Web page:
Katherine Knight was the first Australian woman to be jailed for the term of her natural life. You have to be peculiarly grim and detestable to be incarcerated forever in my country. Usually we can sell drugs to children, steal oodles of money and manhandle ladies and get away with it.
But Katherine liked to push the judicial boundaries and stabbed one of her husbands thirty-seven times. Afterwards she wholly skinned him and hung his ‘suit’ in the doorway of their lounge room. Then she oven-baked his buttocks and boiled his head in a soup pot with an assortment of root vegetables. The judge said her crime was “beyond contemplation in civilised society” so she’s been jailed for eternity.
When I read about Katherine in the newspaper, I declared to my husband, “She reminds me of my grade one teacher. Mind you she didn’t boil our body parts on a stovetop but she was super-mean and had an unfortunate face - she looked like a bulldog chewing a wasp. She used to belt us across the back with her one metre ruler. Those were dark times for me, honey.”
Katherine and my teacher got me brooding over the ways we foster meanness. I, for one, could fill a book with tales about my miserable, unruly behaviour. Eons ago a boy invited me to the cinema but when we got there I said something like, “I’m just dashing to the toilet, be back in a jiffy” and I utterly deserted him. Another day I filled a paper bag with dog poo and set it alight on my neighbour’s porch. I could go on but I won’t, in case I end up with zero friends.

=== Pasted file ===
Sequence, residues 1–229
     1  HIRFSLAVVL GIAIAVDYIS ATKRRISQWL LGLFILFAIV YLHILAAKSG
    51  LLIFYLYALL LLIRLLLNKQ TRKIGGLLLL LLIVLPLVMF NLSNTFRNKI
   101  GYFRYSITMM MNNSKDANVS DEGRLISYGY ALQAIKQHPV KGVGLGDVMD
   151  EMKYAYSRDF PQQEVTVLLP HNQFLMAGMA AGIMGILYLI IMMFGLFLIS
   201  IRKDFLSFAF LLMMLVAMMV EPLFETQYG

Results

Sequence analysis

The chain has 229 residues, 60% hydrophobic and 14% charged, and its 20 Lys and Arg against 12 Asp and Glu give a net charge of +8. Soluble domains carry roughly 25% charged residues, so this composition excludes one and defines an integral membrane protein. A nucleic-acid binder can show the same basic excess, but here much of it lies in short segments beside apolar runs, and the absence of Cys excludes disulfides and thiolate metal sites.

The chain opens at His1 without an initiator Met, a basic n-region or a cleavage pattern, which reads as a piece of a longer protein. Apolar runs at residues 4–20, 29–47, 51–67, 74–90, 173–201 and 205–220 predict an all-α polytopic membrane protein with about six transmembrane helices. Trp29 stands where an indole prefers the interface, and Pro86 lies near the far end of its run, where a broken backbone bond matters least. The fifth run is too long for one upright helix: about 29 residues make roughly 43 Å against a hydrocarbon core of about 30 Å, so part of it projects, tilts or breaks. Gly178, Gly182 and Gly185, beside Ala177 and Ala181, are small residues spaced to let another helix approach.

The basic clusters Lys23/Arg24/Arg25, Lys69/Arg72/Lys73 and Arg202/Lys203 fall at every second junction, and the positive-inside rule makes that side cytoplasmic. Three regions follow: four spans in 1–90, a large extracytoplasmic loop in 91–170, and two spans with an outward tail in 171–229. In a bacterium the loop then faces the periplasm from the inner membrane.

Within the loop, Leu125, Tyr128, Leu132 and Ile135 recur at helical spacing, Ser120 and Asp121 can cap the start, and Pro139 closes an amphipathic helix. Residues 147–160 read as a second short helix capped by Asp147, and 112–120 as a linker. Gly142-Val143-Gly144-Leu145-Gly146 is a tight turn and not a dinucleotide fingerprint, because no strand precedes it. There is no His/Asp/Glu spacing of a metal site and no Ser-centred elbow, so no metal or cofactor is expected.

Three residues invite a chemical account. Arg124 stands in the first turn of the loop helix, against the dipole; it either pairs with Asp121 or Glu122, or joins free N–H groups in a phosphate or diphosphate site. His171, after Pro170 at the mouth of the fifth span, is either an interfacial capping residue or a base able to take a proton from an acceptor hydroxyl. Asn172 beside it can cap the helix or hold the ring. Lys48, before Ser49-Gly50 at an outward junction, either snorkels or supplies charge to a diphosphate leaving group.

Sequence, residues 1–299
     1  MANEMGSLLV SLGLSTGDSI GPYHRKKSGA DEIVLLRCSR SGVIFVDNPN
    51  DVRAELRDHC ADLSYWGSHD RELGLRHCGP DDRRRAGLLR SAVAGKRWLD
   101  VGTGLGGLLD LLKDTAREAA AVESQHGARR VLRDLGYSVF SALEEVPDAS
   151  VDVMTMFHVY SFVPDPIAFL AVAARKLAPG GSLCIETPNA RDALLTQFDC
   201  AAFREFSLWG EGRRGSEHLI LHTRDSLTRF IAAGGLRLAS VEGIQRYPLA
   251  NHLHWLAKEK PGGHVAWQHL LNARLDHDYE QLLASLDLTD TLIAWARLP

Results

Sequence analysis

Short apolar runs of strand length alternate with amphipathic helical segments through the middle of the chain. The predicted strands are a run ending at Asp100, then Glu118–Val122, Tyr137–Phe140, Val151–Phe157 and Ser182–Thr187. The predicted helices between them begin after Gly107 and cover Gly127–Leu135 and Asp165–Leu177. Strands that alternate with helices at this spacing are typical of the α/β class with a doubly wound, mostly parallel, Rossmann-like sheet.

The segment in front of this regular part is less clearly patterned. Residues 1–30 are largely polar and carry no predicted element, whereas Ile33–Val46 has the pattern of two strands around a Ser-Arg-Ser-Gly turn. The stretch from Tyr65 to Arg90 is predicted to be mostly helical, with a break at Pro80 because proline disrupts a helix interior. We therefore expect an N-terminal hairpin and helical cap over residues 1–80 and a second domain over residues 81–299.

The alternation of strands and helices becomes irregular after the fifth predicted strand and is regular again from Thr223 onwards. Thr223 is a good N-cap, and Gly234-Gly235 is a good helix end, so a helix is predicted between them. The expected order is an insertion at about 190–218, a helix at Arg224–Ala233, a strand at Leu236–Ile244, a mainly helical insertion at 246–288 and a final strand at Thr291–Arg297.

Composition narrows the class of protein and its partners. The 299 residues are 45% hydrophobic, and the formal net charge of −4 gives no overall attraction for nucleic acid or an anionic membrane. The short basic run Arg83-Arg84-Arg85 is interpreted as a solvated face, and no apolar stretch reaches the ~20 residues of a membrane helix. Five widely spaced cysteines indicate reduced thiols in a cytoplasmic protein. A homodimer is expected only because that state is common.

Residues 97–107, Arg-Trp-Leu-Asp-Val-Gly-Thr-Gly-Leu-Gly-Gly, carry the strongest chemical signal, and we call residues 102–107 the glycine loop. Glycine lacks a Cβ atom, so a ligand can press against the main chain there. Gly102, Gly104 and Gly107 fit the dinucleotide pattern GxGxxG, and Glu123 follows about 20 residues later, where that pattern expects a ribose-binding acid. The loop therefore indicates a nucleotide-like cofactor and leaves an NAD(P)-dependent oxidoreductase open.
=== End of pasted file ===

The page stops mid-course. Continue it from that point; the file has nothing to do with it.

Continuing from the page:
But once I was studying psychotherapy, my teachers encouraged decision makers to consider ‘self, context and other’ whenever we make a choice.
Now if we explore Katherine Knight’s attempt to turn her hubby into a winter stew it is pretty darn obvious that she was bat-shit-crazy and didn’t think about him for a second. But if she’d been sane enough to ask, “I wonder how Mr Knight will feel about being chopped apart?” she might have come up with another way to meet her needs. Likewise, if I’d stopped to consider what it would be like to have a date disappear without saying goodbye I could have saved him from confusion and me from shame. Also, the wasp-chewing bulldog might have kept her ruler for rulering and I might have placed the poop in the compost.
Sometime in my marriage I was asked out by another man. He was very alluring and hung on my every word like people do when they want to charm your knickers off. I considered him for a moment and then I thought about my husband (other), our marriage (context), my integrity (self). And I didn’t flirt with danger for long.
Clumsy, mean and regretful behaviour almost always starts with careless thinking.
With respect and love,